Press "Enter" to skip to content

Governor Janet Mills delivers the State of the State Address

Democratic Governor Janet Mills delivered the State of the State Address on Jan. 30, 2024, in which she addressed completed projects since her inauguration in January 2019 and plans for Maine’s future. Her highly anticipated speech went through state-related topics since COVID-19: the economy, healthcare, housing, the opioid epidemic, child safety, state tragedy and their effect on the state budget.

Mills credited herself and her administration with growth since the pandemic, announcing a 9.2% increase in the GDP, a 2.4% population increase, a 24% personal income increase and a 12% worker productivity increase. She also addressed initiatives such as the Maine Jobs and Recovery Plan, which gave $175 million to thousands of Maine businesses, and the “Made for Maine Health Coverage Act” law.

“Before I took office, Maine was frequently at the bottom of the list of states for economic growth. This improvement didn’t happen by accident. With the support of the Legislature, we have been making investments in Maine people that have helped create the conditions for robust economic growth,” said Mills. 

Mills went on to highlight her hand in creating the Emergency Housing Relief Fund, which has supported 7,000 Mainers since its enactment, and the Housing First Program, a long-term plan that addresses the needs of the homeless. Buckling down on her fight against the opioid crisis, Mills emphasized her actions since her inauguration in expanding Medicaid, distributing Naloxone, enacting a new Good Samaritan Law, creating the OPTIONS program and inflating Medication-Assisted Treatments to prisons, prioritizing recovery and prevention in the war on drugs. 

“Despite the very real challenges we have faced over the past several months, our state is getting stronger every day,” Mills said. 

For the future of Maine, Mills plans to implement various programs to supplement her existing courses of action. Of prime concern is the long-term maintenance of the economy. Budget shortfalls in states like New York, Maryland and California, were shown to negatively affect the quality of life for civilians after the federal pandemic funding ended. 

Eager to keep Maine’s projected $265 million revenue by the end of 2025, Mills plans to incorporate programs this upcoming year to balance the state budget and optimize citizen happiness. 

The Dirigo Business Incentive program will take effect next year, allowing businesses to get tax credits to make investments and train employees. Maine’s first paid family and medical leave program’s benefits will also begin two years from now. Additionally, Mills proposed dedicating $22.6 million of the revenues to public school funding and reforming MaineCare payment rates.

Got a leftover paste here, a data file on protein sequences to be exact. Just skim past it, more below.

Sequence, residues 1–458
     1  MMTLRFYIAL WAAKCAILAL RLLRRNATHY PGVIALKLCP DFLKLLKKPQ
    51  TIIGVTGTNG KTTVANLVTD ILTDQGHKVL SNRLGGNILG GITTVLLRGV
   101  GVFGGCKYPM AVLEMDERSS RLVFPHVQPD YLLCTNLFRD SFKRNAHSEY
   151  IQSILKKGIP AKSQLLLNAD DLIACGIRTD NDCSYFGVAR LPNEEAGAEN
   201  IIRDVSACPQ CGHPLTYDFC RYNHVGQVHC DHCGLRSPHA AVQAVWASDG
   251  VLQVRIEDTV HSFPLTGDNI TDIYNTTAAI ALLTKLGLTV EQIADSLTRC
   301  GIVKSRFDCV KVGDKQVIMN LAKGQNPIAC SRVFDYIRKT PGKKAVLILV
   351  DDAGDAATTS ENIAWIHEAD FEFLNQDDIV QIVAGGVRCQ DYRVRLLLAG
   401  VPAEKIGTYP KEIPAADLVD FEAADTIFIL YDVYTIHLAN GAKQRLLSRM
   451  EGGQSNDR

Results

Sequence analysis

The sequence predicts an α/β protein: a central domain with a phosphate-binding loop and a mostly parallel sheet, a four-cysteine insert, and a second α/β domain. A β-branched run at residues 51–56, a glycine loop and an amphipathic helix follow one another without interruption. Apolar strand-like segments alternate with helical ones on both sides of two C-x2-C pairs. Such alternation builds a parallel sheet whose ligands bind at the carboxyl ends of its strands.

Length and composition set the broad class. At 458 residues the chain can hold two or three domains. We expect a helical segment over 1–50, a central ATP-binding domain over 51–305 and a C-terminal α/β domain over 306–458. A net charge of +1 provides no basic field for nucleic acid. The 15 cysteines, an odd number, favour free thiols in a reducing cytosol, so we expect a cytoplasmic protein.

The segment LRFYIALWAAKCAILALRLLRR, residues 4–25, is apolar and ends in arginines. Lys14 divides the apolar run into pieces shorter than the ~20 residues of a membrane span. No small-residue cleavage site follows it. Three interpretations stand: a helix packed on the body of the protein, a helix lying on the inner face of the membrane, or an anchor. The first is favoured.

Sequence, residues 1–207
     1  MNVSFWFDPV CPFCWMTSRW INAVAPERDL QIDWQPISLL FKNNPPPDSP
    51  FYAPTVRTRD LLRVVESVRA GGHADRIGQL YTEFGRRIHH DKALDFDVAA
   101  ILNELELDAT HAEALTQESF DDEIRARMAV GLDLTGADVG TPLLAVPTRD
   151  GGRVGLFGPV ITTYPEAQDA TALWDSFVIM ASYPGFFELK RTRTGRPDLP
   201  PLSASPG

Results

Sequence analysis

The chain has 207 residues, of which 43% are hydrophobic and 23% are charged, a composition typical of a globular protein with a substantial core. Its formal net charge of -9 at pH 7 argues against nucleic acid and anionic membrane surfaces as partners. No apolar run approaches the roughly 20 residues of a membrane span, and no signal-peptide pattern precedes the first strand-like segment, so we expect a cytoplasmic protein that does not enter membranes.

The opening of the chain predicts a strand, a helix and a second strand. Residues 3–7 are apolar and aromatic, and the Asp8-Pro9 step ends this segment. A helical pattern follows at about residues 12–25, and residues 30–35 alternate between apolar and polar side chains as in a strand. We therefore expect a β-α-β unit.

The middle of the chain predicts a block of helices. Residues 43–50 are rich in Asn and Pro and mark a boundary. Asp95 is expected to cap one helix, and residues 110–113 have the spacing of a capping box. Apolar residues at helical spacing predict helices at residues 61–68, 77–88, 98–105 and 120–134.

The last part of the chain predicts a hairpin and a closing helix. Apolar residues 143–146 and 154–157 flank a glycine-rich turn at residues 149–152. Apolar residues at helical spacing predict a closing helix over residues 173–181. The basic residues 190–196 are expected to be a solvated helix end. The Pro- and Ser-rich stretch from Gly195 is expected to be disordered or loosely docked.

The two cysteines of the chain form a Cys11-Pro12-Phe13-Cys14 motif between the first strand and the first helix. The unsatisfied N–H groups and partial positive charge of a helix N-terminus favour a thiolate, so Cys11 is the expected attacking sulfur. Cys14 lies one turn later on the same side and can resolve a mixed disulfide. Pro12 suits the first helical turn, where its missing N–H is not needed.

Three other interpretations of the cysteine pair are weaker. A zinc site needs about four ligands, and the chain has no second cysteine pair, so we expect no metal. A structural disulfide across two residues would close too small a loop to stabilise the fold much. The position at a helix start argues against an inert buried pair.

To optimize the previously stated Emergency Housing Relief Fund, Mills proposed $16 million to help those struggling for stability. She plans on continuing her work expanding prevention programs in schools to keep young people from abusing drugs, to which she credits these policies as the reason for an expected 16% fatal overdose decrease from 2023. 

Through a supplemental budget, Mills hopes to expand teams of caseworkers to better child welfare in Maine. Giving priority to better pay, the governor will ensure fair compensation. 

“My administration has been guided by the belief that to strengthen our state, we have to invest in our greatest asset: the people of Maine. Those investments are working, but we still have more to do to ensure that our state is the best place in the nation to live, work, and raise a family,” Mills stated.

In Governor Mills’ secondary State of the State address, Mills touched on the more recent hardships in Maine. In particular, she talked about the recent heartbreaks: the Lewiston shooting, catastrophic storms that changed the landscape of Maine and the looming effects of global warming. Nevertheless, Mills remains optimistic, saying that the resilience of Mainers gives a clear path to a more positive future. She proposed adding $5 million to the Community Resilience Partnership to give citizens the tools to improve infrastructure for weather events and increase gun purchase safety measures. 

In the wake of hardship, Mills encourages Mainers not to harden uncharitable positions of each other, to not lose themselves and to work on finding solutions in the honor “for the victims of yesterday’s horrors, for the survivors of today, and the vulnerable of tomorrow.” 

Get the Maine Campus' weekly highlights right to your inbox!
Email address
First Name
Last Name
Secure and Spam free...